Originally published November 22, 2012

…While horses were not my favorite animal, I grew up around horses because of my Uncle Bill and other horse people who were trained to invade Italy at Anzio because the invasion was too rough for a mechanized assault and would be completed with horses and mules. I grew up with Cavalry jokes like, “a pack of Horse Dropping Cigarettes–untouched by human hands.” (Which hit me as great humor in 4th grade)

The cartoons of Bill Mauldin were part of my life after the war. I loved the one of the old cavalry sergeant shooting the disabled jeep. Willie and Joe were a good impression of my thoughts about WWII.

Bill Mauldin jeep

Later in life I got to know the real Willie and Joes who came home and went to college on the GI Bill. At my school, they would tell the tale of these men who had survived the Battle of the Bulge, had shot at Kamikazes coming at their ships and survived the war often with wounds both physical and mental.

They came to campus and among the adjustments were things like getting in trouble for lighting a cigarette. One group of them presented a little surprise at chapel one day. They had filled all the pipes at the Hillsdale College Baptist Church with chicken feathers. The next morning the school assembled for mandatory chapel. The opening hymn began to the accompaniment of a flurry of poultry feathers. As these feathers floated, sometimes in little puffs powered by crescendo from the organist, the chapel became a very scene of collegiate glee as the prank was one of the greatest ever dared.

Our ex-GI’s paid to have the organ cleaned, graduated and went on to become successful in all sorts of endeavors. Eventually one became the President of the Board of Trustees at Hillsdale College as well as numerous trustees. They were the greatest supporters of our little school as were their wives, many of whom they met at the school.

At homecoming they always returned, and I felt privileged to work with, travel with, and party with this greatest generation. They have been leaving us slowly over the last ten years, but the spirit of these boys who weathered the depression and then were sent into the hell of war was the example set for my generation who followed them. We are still trying to live up to your noble sacrifice and courage.

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June Bernard Roche was born in Brooklyn, NY, during the depression and spent her early years growing up in Pennsylvania on the campus of Lafayette College. Ironically, she was to live on college campuses for nearly forty years. In 1955, she married George Roche III. They lived in Virginia and Florida while George completed his years of service in the Marines. Later, June taught high school French while George completed his Ph.D at CU Boulder.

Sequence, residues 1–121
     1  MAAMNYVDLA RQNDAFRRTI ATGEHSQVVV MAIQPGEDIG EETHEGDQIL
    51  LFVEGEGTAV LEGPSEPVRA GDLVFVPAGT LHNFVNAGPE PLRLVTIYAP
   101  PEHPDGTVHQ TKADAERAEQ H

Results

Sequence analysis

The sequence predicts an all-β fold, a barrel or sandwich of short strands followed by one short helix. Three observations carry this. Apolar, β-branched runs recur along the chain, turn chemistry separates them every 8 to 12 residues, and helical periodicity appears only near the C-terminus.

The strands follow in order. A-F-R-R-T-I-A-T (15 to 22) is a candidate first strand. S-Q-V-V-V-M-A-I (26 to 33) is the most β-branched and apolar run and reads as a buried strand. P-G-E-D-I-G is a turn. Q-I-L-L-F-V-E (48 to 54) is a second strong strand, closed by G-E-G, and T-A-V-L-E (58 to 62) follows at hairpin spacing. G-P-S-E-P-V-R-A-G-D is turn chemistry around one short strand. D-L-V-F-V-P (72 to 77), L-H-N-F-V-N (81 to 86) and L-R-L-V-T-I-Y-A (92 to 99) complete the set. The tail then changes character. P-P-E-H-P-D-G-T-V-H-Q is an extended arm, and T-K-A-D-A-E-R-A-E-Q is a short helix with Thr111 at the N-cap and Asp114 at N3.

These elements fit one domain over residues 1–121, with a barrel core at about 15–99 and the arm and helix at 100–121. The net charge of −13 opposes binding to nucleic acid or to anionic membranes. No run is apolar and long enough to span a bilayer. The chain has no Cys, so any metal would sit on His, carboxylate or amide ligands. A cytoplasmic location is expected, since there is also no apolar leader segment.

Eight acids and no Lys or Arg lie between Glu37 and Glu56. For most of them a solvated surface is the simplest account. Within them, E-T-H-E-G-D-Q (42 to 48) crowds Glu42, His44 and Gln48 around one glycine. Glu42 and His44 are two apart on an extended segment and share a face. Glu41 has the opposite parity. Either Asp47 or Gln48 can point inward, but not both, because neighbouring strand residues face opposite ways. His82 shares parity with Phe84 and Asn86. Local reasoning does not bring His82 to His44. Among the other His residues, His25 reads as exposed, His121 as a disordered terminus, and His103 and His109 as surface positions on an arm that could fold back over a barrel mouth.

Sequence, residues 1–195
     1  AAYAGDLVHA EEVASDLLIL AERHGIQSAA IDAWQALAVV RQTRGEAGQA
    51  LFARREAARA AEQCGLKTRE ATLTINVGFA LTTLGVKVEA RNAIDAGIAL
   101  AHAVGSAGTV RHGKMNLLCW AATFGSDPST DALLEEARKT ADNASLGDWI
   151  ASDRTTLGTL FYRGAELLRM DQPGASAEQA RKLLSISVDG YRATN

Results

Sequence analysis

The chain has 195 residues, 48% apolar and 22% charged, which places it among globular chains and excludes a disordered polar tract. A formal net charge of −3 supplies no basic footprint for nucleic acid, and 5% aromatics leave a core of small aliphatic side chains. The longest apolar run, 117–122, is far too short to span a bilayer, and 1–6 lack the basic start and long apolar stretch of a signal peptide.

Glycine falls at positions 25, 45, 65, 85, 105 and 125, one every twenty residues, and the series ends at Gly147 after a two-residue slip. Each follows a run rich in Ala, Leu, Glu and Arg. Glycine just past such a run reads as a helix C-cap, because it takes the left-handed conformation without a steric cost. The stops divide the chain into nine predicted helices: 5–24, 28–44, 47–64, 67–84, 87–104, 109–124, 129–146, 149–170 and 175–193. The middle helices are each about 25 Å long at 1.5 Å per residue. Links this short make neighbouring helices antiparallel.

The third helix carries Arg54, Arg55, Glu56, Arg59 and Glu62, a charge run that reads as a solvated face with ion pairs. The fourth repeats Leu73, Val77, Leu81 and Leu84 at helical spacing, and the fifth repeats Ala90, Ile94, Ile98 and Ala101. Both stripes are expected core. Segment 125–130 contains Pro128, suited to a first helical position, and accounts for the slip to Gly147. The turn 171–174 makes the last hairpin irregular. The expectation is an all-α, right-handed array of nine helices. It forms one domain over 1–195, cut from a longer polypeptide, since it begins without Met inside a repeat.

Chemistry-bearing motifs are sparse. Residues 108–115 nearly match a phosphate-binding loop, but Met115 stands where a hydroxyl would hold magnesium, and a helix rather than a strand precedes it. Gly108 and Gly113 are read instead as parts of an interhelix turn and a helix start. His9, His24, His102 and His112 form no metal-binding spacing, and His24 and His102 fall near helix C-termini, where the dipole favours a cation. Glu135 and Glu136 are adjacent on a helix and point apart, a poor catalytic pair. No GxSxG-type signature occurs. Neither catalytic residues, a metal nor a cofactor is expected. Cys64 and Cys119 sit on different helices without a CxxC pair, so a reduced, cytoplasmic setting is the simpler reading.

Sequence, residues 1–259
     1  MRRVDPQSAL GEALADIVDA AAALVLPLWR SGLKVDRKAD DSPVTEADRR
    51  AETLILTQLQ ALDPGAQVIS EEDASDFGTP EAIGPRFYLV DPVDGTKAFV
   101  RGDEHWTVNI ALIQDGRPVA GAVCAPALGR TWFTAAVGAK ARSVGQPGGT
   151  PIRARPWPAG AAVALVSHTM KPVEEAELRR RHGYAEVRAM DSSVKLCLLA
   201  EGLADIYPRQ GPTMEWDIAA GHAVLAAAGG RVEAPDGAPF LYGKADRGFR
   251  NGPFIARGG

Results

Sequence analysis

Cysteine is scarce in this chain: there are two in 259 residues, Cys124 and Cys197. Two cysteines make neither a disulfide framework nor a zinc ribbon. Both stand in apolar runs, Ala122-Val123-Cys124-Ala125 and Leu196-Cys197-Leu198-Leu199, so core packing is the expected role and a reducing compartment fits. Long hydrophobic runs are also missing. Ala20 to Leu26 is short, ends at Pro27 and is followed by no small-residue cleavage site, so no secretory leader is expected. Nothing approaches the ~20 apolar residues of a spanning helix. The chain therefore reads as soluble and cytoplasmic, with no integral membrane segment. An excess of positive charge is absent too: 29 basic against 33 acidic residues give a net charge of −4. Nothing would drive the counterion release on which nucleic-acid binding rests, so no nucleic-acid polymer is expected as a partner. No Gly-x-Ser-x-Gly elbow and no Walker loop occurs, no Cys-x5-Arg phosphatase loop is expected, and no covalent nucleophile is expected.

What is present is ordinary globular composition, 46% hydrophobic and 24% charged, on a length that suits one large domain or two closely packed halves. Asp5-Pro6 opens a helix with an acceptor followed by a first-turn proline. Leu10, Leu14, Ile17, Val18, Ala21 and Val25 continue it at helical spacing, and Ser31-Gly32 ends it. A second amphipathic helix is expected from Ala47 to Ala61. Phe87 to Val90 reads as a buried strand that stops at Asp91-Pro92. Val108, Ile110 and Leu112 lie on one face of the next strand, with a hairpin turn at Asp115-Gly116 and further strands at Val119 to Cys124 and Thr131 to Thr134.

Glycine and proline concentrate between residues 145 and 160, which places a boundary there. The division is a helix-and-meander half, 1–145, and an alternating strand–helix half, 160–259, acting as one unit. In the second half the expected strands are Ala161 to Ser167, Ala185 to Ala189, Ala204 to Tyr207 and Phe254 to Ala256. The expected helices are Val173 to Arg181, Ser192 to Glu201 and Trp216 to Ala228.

They moved to New York in 1965 when George was named Director of Seminars at FEE, the Foundation for Economic Education. June taught French at Dobbs Ferry High School. In 1971, they moved to Hillsdale, MI, where George became the President of Hillsdale College. In June’s words, “We were at Hillsdale until 1999, and we worked very hard to make the college the best institution possible. Since 1999, I’ve dealt with cancer, much memorable travel with family and friends, open heart surgery, the joys of grandchildren and now my first great-granddaughter, and learned how to deal with the winds of change that buffet our lives.”

Remember your Roots

dad and mom

George and June Roche, Dad’s Graduation from the University of Colorado

A few weeks ago, I placed a few requests on social media, asking for comments about my parents and their time at Hillsdale College. The thoughtful responses brought back many memories from several generations of students. Growing up at Broadlawn, the students of Hillsdale College were central to my parents’ lives whether through day to day college business, a student in need of additional financial assistance (one of Mom’s many missions), or a student in need of a home-cooked meal or family movie night (usually John Wayne westerns). I loved seeing the students come and go; several of them are friends today. I’m thankful for the example my parents set regarding students’ needs outside the classroom. I think it makes me a more effective educator…